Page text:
Suppose $S = (a,b)$ and $T = (c,d)$, where:
- $a < d$.
- Both $S$ and $T$ are non-empty.
- $S \cap T = \emptyset$.
- $S \cup T$ is connected.
Now the question is: What is $b - c$?
The paradox is that, it can't be $b - c \leq 0$, because then $b$ is not included in $S \cup T$, so it's not connected. But it can neither hold that $b - c > 0$. Because if we then set $\epsilon = b - c$, $c + \epsilon / 2$ is included in both $S$ and $T$, so $S \cap T \neq \emptyset$.
Exculpate myself from disdain: Maybe at first glance everyone regards this as a trivial problem. Yes, it is, somehow. Because I'm not majoring in math and these are just random thoughts. I just want to examine what will happen when you put two open sets on the real axis close enough, and what's the critical point where they merge into a single, bigger one. All these thoughts are based on pure, plain intuition. I don't know too much definitions/axioms/theorems about real analysis. I never had that course.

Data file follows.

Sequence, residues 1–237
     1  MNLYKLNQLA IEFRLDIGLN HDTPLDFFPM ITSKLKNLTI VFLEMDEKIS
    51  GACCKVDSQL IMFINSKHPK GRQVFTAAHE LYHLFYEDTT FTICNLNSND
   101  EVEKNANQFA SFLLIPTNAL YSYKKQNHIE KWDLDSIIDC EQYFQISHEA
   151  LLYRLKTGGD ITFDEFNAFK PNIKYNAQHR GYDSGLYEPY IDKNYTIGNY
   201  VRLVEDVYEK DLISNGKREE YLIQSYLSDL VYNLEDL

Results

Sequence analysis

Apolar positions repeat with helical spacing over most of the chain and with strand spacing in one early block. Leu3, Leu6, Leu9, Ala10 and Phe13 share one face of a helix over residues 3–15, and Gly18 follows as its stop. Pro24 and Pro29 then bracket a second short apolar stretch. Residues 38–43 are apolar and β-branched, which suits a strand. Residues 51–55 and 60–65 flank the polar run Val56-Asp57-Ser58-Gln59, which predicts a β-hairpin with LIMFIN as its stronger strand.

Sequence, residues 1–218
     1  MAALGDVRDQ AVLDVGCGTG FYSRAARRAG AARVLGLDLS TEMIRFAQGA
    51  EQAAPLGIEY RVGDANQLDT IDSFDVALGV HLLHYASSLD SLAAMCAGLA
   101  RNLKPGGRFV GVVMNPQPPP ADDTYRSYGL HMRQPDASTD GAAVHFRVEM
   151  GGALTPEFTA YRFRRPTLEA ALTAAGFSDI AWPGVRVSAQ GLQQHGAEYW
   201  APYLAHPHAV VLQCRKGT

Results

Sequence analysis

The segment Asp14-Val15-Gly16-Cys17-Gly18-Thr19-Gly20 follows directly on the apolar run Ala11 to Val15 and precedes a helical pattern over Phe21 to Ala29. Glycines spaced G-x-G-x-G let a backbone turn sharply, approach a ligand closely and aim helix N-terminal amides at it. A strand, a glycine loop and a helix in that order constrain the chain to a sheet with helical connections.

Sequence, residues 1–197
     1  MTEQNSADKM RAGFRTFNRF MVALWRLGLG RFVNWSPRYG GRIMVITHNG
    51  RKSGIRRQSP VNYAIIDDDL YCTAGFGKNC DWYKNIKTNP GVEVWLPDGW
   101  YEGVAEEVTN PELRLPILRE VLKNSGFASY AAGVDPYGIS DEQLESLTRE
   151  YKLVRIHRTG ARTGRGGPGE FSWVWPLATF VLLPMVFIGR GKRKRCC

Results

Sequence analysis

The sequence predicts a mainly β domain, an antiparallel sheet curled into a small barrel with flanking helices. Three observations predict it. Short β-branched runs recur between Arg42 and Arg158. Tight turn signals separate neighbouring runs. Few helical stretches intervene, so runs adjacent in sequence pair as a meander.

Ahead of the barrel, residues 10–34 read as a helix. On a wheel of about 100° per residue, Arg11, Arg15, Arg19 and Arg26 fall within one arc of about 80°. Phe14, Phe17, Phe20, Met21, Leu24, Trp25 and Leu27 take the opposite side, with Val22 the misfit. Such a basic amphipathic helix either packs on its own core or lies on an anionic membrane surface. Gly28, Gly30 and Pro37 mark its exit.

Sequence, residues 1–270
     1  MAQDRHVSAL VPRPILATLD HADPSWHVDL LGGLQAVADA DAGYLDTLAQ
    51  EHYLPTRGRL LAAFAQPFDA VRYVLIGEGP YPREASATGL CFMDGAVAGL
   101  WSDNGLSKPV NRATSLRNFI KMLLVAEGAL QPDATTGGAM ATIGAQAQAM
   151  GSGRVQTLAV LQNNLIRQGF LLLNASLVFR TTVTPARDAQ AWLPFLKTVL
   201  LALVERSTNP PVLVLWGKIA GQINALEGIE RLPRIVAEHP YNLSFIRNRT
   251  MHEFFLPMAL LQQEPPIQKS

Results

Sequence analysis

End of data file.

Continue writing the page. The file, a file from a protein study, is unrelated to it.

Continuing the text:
Perhaps that's why this problem looks stupid. Unfortunately, I finally found the idea I wanted to express is just how connectedness is defined (also pointed out by one of the answers below). So there is no chance to win, as definition cannot be violated. But I think the idea and motivation in it is clear to everyone, and you don't need a definition to think of it. The mystery is still there: You move two disjoint open intervals closer and closer, and finally they intersect. But you don't know where! The definition itself doesn't answer it. Also, you cannot have too many definitions, because the more definitions, the more likely there is hidden inconsistency amongst them. So this problem is solved in terms of math, and I don't think anyone can solve it in terms of logic and philosophy. So I'll mark this problem as answered. Thanks for all the answers. Very helpful, indeed.